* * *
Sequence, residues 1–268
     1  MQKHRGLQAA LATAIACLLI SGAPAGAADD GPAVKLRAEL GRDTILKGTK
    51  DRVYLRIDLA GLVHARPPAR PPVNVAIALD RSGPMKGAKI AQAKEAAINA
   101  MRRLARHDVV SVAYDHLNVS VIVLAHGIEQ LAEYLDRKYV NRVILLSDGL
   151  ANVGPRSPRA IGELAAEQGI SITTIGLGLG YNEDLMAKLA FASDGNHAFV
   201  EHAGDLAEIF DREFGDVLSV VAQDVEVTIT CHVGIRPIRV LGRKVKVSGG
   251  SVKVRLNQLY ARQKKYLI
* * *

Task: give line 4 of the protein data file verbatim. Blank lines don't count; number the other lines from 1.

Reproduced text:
   101  MRRLARHDVV SVAYDHLNVS VIVLAHGIEQ LAEYLDRKYV NRVILLSDGL